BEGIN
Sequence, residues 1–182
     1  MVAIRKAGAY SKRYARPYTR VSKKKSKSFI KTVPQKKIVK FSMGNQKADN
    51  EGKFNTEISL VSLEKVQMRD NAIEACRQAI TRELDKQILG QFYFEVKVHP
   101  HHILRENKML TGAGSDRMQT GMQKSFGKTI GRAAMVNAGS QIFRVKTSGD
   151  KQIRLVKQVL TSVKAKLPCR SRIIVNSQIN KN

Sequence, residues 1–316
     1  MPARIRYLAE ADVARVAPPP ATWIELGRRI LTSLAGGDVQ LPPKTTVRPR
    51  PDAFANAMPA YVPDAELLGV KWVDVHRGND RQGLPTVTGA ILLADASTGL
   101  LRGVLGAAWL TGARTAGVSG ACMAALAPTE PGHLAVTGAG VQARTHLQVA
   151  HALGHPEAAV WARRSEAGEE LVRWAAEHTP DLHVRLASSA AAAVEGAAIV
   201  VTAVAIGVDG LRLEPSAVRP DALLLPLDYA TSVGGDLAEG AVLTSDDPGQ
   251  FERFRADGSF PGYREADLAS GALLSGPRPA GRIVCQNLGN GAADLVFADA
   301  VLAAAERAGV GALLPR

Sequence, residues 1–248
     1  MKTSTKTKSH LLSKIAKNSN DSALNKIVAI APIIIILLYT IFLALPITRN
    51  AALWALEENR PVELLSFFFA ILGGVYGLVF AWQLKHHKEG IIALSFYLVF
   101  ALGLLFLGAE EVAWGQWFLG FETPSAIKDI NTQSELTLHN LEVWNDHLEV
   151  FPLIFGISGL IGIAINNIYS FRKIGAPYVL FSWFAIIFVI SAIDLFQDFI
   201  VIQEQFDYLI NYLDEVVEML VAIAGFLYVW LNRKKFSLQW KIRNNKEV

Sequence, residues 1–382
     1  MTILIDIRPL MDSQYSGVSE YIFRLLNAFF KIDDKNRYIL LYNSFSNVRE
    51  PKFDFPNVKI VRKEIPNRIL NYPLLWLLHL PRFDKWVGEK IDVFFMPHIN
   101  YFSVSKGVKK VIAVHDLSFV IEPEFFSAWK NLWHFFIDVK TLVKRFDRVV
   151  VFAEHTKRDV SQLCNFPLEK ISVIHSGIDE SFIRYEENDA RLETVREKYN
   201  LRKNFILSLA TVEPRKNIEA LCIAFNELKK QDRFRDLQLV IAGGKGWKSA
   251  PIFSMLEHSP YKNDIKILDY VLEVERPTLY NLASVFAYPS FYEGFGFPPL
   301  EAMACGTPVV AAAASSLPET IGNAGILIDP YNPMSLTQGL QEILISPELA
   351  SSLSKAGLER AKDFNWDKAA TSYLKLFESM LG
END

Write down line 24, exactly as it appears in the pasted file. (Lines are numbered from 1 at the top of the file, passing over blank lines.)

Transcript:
   151  VFAEHTKRDV SQLCNFPLEK ISVIHSGIDE SFIRYEENDA RLETVREKYN